The opinion of the court was delivered by: Richard W. Roberts United States District Judge
Plaintiff filed a pro se complaint under the Freedom of Information Act ("FOIA"), 5 U.S.C. § 552, and Privacy Act, 5 U.S.C. § 552a, against the U.S. Attorney's Office for the Southern District of Florida ("USAO") and the Executive Office of United States Attorneys ("EOUSA"), a component of the Department of Justice ("DOJ"). Because it is evident from the face of the complaint that the plaintiff has not exhausted his administrative remedies, as is required before filing a civil action under the FOIA, the complaint will be dismissed pursuant to the court's authority under 28 U.S.C. § 1915A(b)(i) (requiring immediate dismissal of complaints filed by prisoners proceeding in forma pauperis that fail to state a claim upon which relief may be granted).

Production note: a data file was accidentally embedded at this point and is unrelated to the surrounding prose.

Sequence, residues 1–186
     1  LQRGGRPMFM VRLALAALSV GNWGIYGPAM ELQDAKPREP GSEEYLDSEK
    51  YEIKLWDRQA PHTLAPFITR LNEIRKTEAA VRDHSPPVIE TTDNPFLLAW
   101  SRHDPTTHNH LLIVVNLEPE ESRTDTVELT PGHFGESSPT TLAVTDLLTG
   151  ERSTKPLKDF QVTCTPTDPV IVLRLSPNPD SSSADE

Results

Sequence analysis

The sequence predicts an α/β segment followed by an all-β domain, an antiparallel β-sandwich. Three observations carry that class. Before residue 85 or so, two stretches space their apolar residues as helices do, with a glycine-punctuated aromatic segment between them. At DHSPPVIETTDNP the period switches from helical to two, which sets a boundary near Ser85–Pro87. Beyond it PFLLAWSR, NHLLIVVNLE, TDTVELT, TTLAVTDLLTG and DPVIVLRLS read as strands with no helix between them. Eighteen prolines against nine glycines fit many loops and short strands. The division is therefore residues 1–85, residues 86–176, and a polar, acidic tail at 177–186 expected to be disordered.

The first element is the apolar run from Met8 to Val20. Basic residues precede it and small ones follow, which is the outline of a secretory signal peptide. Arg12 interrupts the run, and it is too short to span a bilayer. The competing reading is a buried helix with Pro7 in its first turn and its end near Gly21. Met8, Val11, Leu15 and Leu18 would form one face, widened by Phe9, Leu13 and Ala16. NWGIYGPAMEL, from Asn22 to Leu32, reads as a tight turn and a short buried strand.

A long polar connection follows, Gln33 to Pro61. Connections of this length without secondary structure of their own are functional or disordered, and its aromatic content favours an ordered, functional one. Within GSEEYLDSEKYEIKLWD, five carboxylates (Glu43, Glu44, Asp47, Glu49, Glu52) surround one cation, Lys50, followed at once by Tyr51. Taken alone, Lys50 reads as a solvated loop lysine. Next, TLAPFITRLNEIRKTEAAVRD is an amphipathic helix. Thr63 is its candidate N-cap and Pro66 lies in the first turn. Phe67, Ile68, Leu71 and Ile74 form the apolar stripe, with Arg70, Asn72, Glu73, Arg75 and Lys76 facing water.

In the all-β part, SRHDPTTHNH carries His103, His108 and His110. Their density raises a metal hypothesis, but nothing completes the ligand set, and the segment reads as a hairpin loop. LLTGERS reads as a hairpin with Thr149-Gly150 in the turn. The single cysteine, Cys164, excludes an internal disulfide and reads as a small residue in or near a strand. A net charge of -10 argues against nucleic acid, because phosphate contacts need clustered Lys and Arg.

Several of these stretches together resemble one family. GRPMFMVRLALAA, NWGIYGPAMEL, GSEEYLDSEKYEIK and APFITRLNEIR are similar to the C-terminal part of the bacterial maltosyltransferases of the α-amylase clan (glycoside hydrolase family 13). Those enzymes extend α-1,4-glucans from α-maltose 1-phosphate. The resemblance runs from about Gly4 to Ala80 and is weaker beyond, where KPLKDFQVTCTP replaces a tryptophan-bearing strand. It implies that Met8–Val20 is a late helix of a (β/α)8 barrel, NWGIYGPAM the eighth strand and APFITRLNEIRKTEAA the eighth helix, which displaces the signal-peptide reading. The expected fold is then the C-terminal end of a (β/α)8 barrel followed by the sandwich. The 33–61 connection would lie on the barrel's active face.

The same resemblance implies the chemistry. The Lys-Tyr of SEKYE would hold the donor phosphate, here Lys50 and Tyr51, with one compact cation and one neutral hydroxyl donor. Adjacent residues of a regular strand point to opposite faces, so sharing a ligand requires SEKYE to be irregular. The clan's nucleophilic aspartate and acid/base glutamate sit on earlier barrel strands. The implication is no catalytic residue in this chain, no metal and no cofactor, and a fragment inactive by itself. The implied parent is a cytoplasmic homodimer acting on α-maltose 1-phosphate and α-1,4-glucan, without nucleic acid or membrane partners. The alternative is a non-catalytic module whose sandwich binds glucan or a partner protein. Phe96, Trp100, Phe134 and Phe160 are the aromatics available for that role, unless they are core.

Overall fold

The complaint alleges that in late June, 2008, the plaintiff submitted a FOIA request to the USAO in Miami, which forwarded the request to the EOUSA for processing. Compl. ¶¶ 3, 4. The EOUSA notified plaintiff by letter dated August 28, 2008, that it would assign the request to one of two tracks, depending on the size of the request, and process the request in the order it was received within that track. Id. ¶ 5 & Ex. C. EOUSA's letter to plaintiff stated that the larger projects usually take approximately nine months to process. Id. Approximately ten months later, EOUSA had not informed plaintiff of the results of his request or responded to his inquiries, and the plaintiff filed an administrative appeal. Id. ¶¶ 6-8. The DOJ's Office of Information and Privacy ("OIP"), which handles appeals related to FOIA requests submitted to EOUSA, responded by letter advising that because "no adverse determination has yet been made, there is no action for this Office to consider on appeal." Id. ¶ 9 & Ex. G. The OIP's letter also stated that the Freedom of Information Act itself contemplates the filing of a lawsuit by the requester, rather than an administrative appeal, when an agency has failed to respond to a request within the statutory time limits. See 5 U.S.C. § 552(a)(6)(C)(i).